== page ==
As a generative designer, Jenny Sabin doesn't go into a project knowing exactly what's going to come out of it. She's more interested in the materials and math that go into creating a sculpture than in its final form. What's amazing about her art is that the final form never feels like an afterthought.
Case in point? Sabin's latest, a pulsing, light-absorbing pavilion that looks like a web from an alien world. On display at New York's Cooper Hewitt as part of the fifth installment of the museum's Design Triennial, it's big enough for 20 people to stand under, yet light enough for a single person to lift.
According to Sabin, the Polythread Knitted Textile Pavilion was inspired by her fascination with minimal surfaces: The branch of mathematics devoted to geometries that have the smallest surface area possible. A kite's a good example of a minimal surface; so is the iridescent film on a coat hanger dipped into soapy water. She wanted to see if there was a way for her to create an entire structure that was describable through minimal surfaces.
At the same time, she was interested in creating a large fabric structure that was fully integrated. In other words, even though the pavilion contains an armature, the skeleton isn't what defines the finished structure's shape. It's supported by the approximately 100 pounds of fabric threaded through the armature, and vice versa.
To design her Textile Pavilion, Sabin started by choosing her materials—twill tape, aluminum tubing, then both photo-luminescent and light-activated yarns. Using a series of computer models, Sabin generated her design parametrically, or by playing with parameters and letting the computer do the rest. Once the finished design was settled on, Sabin used 3-D printers to mock it up as a scale model, before outsourcing the armature and knit fabric for production. It was then brought to the Cooper Hewitt for assembly.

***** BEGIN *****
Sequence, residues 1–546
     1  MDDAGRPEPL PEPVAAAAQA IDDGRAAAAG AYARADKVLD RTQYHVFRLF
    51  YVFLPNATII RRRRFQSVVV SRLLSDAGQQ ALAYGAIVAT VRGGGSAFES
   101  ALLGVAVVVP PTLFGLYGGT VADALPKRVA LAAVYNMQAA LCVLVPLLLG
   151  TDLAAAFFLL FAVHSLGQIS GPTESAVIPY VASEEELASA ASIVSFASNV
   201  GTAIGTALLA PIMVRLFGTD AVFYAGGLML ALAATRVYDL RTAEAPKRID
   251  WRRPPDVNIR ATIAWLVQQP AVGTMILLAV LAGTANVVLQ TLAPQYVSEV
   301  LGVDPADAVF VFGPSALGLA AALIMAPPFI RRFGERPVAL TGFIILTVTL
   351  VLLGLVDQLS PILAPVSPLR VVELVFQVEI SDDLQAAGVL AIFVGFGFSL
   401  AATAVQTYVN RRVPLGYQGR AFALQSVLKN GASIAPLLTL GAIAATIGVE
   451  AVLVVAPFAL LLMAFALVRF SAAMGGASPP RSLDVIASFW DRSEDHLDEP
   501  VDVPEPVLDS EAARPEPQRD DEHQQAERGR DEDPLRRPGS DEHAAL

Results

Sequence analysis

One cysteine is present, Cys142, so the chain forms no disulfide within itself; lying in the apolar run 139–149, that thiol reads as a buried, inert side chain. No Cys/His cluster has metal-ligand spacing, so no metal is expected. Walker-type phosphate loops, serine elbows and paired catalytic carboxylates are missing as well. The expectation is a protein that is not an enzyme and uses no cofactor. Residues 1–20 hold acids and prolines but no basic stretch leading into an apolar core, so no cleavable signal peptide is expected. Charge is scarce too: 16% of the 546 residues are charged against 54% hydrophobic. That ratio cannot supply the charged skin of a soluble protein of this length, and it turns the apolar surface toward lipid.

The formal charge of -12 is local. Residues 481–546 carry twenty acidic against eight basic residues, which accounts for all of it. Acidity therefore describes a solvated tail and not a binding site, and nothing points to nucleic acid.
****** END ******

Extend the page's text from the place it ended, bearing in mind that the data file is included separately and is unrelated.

What makes the Polythread Knitted Textile Pavilion so special, though, is the way it emits light. The fabric shell of the pavilion is made up of both photo-luminescent and light-activated yarns. In other words, half of the pavilion glows in the light, and half of it glows in the dark. The result is a beautifully eerie effect in which the skin of the pavilion is constantly reacting to itself, something which Sabin highlight at the Cooper Hewitt through a simulated day-night cycle every 20 minutes.
Although her Pavilion is stuck inside the Cooper Hewitt for now, Sabin says she eventually hopes that a similar structure can be erected on a permanent basis outdoors. In the meantime, it will be on exhibit until August 21.
All Images: via Cooper Hewitt